Promoting good governance in China

In October I was fortunate to have the opportunity to address 150 local government officials in Beijing on the theme of building good governance at the local government level.

The attendees were staff of the Beijing Municipal Commissions for Development and reform. This meant that they had a wide range of backgrounds in areas such as policy development, local government reform, project management, performance monitoring and anti-corruption activities.

The conference room before the presentation ....

The conference room before the presentation ....

 At short notice I ended up presenting for four days straight, as my co-presenter had to withdraw at the last minute. It was an exhausting but fascinating experience; the presentations were demanding, especially as for the most part I was lecturing through an interpreter, non-simultaneously, with only limited opportunities for workshop sessions or questions.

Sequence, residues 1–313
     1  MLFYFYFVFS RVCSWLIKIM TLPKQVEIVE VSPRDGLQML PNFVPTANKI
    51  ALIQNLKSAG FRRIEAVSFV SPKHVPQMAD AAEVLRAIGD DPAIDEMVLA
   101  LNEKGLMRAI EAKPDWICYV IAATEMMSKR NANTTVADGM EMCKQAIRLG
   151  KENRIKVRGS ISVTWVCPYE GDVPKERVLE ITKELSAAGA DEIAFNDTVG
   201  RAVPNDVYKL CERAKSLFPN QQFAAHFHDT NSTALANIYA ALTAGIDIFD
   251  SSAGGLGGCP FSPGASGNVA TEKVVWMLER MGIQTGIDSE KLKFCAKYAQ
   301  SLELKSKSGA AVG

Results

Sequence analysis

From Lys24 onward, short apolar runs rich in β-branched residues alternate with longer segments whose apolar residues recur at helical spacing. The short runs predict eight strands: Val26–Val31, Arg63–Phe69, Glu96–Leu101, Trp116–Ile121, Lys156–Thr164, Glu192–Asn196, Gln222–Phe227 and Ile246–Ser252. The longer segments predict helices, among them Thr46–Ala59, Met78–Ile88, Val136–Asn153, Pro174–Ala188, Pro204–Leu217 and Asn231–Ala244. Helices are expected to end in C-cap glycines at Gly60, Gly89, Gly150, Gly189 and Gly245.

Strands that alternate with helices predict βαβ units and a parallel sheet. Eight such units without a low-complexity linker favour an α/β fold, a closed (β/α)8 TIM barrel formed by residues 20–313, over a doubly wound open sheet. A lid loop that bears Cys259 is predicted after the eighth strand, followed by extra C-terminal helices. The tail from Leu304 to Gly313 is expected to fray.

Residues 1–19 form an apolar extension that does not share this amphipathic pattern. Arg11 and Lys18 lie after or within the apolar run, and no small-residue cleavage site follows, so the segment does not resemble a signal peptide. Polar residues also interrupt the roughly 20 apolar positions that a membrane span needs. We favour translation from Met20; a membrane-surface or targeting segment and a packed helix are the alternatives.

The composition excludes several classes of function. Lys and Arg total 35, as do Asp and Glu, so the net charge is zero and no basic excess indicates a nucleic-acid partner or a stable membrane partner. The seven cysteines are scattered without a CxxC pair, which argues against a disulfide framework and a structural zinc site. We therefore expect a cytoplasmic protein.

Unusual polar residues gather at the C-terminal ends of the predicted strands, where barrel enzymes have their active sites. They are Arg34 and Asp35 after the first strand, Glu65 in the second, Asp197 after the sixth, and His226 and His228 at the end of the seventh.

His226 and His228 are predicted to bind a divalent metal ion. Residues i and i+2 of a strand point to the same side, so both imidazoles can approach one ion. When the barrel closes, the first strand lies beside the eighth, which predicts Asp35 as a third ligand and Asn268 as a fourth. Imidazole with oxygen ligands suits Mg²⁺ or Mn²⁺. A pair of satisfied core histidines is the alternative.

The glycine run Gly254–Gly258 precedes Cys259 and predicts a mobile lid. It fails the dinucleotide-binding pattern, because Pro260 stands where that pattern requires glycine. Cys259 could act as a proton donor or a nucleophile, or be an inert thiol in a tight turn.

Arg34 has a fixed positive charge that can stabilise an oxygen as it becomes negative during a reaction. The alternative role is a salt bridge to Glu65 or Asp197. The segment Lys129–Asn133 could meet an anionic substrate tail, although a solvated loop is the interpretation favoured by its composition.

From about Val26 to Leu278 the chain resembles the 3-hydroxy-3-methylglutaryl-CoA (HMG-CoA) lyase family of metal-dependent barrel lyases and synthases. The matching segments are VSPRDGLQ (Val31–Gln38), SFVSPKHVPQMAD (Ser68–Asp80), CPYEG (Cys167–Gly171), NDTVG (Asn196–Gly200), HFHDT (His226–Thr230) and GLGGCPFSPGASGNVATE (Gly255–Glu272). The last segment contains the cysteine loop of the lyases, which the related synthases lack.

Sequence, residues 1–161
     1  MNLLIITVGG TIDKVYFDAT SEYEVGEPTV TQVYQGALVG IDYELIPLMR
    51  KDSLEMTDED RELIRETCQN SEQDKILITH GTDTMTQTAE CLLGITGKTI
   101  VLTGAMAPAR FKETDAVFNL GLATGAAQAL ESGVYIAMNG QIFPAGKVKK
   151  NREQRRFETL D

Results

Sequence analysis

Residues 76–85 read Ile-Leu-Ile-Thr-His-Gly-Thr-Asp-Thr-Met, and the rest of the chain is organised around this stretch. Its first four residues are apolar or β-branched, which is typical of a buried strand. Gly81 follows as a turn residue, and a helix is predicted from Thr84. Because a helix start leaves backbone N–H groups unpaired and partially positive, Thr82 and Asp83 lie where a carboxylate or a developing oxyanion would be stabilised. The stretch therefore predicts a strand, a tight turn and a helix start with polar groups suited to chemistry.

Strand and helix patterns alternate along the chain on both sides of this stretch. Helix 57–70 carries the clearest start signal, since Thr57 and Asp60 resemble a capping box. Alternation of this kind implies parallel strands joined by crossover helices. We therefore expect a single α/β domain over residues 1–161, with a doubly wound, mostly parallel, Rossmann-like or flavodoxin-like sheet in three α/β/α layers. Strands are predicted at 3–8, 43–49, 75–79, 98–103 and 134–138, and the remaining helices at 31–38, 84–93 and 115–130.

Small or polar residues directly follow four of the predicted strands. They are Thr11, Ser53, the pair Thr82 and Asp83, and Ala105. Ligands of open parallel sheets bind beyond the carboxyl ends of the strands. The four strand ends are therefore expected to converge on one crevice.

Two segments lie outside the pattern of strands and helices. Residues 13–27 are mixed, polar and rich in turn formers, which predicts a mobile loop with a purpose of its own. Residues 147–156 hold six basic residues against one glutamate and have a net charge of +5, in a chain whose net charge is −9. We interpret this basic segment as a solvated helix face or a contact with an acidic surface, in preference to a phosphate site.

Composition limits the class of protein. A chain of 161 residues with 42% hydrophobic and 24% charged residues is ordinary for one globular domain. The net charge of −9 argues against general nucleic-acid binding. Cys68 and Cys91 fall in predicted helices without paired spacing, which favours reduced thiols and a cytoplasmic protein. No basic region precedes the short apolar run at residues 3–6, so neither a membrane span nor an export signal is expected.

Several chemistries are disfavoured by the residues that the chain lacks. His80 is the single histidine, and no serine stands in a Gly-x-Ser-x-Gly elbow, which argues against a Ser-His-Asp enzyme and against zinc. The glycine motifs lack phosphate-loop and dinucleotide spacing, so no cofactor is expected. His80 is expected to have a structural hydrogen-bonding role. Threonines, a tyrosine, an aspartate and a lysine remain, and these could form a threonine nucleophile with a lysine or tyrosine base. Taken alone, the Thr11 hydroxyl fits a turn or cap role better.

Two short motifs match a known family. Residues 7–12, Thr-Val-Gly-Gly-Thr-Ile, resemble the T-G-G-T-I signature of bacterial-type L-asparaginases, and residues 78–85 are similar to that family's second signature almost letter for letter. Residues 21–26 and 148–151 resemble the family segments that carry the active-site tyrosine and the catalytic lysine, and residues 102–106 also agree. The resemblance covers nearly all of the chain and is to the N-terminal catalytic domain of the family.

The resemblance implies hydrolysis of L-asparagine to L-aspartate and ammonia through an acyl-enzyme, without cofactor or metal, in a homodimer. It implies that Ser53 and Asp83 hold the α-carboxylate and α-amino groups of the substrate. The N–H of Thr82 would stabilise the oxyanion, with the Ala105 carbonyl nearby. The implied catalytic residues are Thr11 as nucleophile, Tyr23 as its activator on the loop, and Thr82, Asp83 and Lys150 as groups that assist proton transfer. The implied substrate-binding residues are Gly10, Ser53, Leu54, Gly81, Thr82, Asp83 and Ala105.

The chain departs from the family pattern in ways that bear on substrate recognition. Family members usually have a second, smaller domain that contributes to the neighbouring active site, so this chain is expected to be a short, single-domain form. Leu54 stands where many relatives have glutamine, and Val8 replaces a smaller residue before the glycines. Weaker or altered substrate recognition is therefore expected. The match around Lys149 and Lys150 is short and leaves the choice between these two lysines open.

When the questions did come they were very broad-ranging, covering areas from exactly how did the NSW Independent Commission Against Corruption catch corrupt local government officials, through to the impacts of the implementation of the Rudd Government’s code of ministerial conduct. Needless to say I was fortunate to have access to the internet in my accommodation to follow up on some of these queries!

The people I met seemed genuinely committed to achieving good governance and at least appeared receptive to the central message of my presentation – that in Australia, good governance and high ethical standards are the result of strong and independent public institutions, a free press and strong community input and expectations.

Thanks to the Trans Asian Education and Culture Association for arranging the presentation and for the care they took of me throughout the trip.

 

and during - things were kept very neat!

and during - things were kept very neat!

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